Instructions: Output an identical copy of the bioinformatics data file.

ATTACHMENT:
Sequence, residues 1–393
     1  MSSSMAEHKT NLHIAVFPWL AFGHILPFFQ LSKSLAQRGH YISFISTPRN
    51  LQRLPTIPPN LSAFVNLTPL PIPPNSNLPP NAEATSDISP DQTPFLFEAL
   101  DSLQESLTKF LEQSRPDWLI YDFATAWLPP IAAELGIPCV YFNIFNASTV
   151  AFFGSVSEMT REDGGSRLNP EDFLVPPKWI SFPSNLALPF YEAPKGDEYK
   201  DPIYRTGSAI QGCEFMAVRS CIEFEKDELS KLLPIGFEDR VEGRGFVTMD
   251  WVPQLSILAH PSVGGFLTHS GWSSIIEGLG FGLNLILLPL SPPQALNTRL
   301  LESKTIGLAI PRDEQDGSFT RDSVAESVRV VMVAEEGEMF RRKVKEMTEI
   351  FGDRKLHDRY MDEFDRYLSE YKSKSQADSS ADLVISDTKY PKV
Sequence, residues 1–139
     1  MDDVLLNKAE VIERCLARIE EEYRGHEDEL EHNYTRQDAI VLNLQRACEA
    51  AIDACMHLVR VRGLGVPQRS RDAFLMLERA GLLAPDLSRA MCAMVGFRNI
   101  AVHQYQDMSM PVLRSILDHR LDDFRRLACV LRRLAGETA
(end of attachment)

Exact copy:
Sequence, residues 1–393
     1  MSSSMAEHKT NLHIAVFPWL AFGHILPFFQ LSKSLAQRGH YISFISTPRN
    51  LQRLPTIPPN LSAFVNLTPL PIPPNSNLPP NAEATSDISP DQTPFLFEAL
   101  DSLQESLTKF LEQSRPDWLI YDFATAWLPP IAAELGIPCV YFNIFNASTV
   151  AFFGSVSEMT REDGGSRLNP EDFLVPPKWI SFPSNLALPF YEAPKGDEYK
   201  DPIYRTGSAI QGCEFMAVRS CIEFEKDELS KLLPIGFEDR VEGRGFVTMD
   251  WVPQLSILAH PSVGGFLTHS GWSSIIEGLG FGLNLILLPL SPPQALNTRL
   301  LESKTIGLAI PRDEQDGSFT RDSVAESVRV VMVAEEGEMF RRKVKEMTEI
   351  FGDRKLHDRY MDEFDRYLSE YKSKSQADSS ADLVISDTKY PKV
Sequence, residues 1–139
     1  MDDVLLNKAE VIERCLARIE EEYRGHEDEL EHNYTRQDAI VLNLQRACEA
    51  AIDACMHLVR VRGLGVPQRS RDAFLMLERA GLLAPDLSRA MCAMVGFRNI
   101  AVHQYQDMSM PVLRSILDHR LDDFRRLACV LRRLAGETA